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How to Find and Fix The Cause of Your Bad Habits - Atomic Habits - Week Five with Robin Saul

Cue Craving Response Reward

Why do we find ourselves repeatedly doing things we don’t really want to do?

Often, the habits that served us in the past during times of uncertainty or stress are no

longer relevant. Those habits kept us safe and helped us to survive or they were

maladaptive responses.

Your brain is continually running a cost benefit analysis of each decision made and you decide if a habit is worth repeating or not. James Clear in Chapter #10 states that every

action is preceded by a prediction. Life feels reactive but it is actually predictive. The cause of your habits is actually the prediction that precedes them.

When you predict that you would be better off in a different state, that is when you will take action.

For example, if you are a person who exercises, and woke up one day uncertain if you

wanted to go to the gym, mentally your brain would be tallying the benefits and costs for

that decision. On one hand you can sleep later but the cost would be feeling badly not

following through with your fitness commitment. Also, you were cued by waking up

tired, you craved more sleep and then chose a behavior(reward or consequence). So

what do you desire, to get in shape or to feel you let yourself down? Imagine craving a

sweaty workout and taking a well deserved shower.

Another example that comes to mind is related to a mental exercise I learned. When

starting to do a maladaptive type behavior, stop and think about your last stream of

thought. For me, I was cleaning my kitchen in preparation for a family visit and I got the

urge to eat a particular food not on my food plan. I stopped and focused on what I had

been thinking about. The stress related to the family visit and I was looking for comfort

food to soothe the emotion.

A craving is a desire to change your internal state. How many times has a craving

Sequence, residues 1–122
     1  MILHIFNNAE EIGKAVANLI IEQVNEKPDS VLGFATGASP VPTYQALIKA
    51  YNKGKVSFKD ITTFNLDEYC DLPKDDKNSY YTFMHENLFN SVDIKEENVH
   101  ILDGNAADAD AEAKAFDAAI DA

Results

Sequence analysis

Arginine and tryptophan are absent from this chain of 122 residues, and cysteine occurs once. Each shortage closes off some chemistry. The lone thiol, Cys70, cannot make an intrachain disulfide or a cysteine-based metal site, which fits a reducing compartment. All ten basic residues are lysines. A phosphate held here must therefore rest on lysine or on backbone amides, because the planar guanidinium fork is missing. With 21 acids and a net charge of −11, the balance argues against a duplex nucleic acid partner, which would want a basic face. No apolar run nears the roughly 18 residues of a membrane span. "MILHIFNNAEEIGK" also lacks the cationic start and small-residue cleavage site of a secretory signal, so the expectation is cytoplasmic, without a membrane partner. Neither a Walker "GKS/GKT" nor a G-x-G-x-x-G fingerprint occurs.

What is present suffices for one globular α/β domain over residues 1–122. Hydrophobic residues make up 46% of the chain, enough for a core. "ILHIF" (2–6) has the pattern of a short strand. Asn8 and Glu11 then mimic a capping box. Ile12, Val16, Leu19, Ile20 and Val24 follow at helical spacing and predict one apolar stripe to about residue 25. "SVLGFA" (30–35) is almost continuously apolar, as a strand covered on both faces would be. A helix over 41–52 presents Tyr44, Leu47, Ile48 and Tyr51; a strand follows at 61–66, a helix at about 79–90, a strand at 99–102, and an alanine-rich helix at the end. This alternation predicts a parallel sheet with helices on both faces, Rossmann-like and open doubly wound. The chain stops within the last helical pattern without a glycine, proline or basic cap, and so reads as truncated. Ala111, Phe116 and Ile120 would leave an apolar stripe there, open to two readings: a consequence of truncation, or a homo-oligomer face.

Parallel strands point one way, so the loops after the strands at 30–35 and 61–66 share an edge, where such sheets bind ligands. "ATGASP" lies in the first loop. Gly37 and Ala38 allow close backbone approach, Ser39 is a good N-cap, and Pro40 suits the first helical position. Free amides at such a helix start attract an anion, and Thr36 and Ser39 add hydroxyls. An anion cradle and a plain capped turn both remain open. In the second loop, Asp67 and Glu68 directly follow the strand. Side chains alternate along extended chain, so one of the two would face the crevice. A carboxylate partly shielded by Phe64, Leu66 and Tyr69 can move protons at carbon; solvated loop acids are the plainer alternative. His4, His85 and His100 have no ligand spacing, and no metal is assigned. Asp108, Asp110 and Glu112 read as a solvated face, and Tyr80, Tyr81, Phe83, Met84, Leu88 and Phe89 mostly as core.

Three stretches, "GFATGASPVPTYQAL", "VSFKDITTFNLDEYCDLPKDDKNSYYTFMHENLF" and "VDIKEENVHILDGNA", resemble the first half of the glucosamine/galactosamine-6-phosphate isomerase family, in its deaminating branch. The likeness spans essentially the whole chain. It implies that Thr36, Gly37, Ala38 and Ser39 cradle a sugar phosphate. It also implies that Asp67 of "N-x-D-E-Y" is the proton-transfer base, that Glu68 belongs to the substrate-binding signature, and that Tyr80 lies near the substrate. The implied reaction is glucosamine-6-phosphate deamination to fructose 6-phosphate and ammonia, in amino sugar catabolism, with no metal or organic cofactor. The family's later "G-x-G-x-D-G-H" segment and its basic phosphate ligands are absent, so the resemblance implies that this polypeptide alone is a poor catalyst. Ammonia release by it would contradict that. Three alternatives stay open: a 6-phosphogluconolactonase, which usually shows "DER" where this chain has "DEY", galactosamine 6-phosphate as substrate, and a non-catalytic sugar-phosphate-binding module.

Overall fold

derailed the best intended new behavior? When a behavior makes you feel good you

are cued to repeat it. Forming new habits is hard because we are hardwired to expend

the least amount of energy in everything we do. That is why the habits we are trying to

create need to be obvious, attractive, easy, and satisfying.

Stress and boredom are emotions that can lead to bad habits. They are considered

negative emotions to some people but even negative emotions have their place as

warning signals to make change. Sometimes it makes sense to play detective to find

the underlying causes and other times we can choose to move forward and push

through these feelings. If negative emotions are overwhelming and cause bad habits

such as addictions, finding a support group may be very helpful.

If you have developed poor habits because of the stress of uncertainty then consider

new habits to develop:

1. The habit of being kind to yourself

2. The habit of remembering your successes

3. The habit of developing a new skill

4. The habit of performing self-care

5. If doing a hard habit is stressful then try combining it with a positive experience.

“Reframing your habits to highlight their benefits rather than their drawbacks is a fast

and lightweight way to reprogram your mind and make a habit seem more attractive.”

One example James Clear gives is the habit of saving money which often evokes

feelings of sacrifice. The turnaround is that the money you save now brings you

financial freedom in the future. That sounds like the freedom I want to have.

Clearism: “Odds are, the latest office debate or family squabble isn’t worth winning. Most arguments are only tangentially related to your end goal.”


About the author James Clear

James Clear is known for his ability to distill complex topics into simple behaviors that can be easily applied to daily life and work. Here, he draws on the most proven ideas from biology, psychology, and neuroscience to create an easy-to-understand guide for making good habits inevitable and bad habits impossible. Along the way, readers will be inspired and entertained with true stories from Olympic gold medalists, award-winning artists, business leaders, life-saving physicians, and star comedians who have used the science of small habits to master their craft and vault to the top of their field. He writes about habits, decision-making, and continuous improvement at His work has appeared in the New York Times, Entrepreneur, Time, and on CBS This Morning. He is a regular speaker at Fortune 500 companies and his work is used by teams in the NFL, NBA, and MLB.


Robin Saul is a registered dietitian who earned a bachelor's degree in agriculture and human nutrition from the University of Florida. Although not discovering the benefits of a plant-centric, no processed foods diet until 2016, she raised her four kids with an abundance of plant foods and home cooking. Robin has specialized nutrition knowledge in the areas of gastroenterology, food intolerances and allergies, gerontology and recipe development.


Be well


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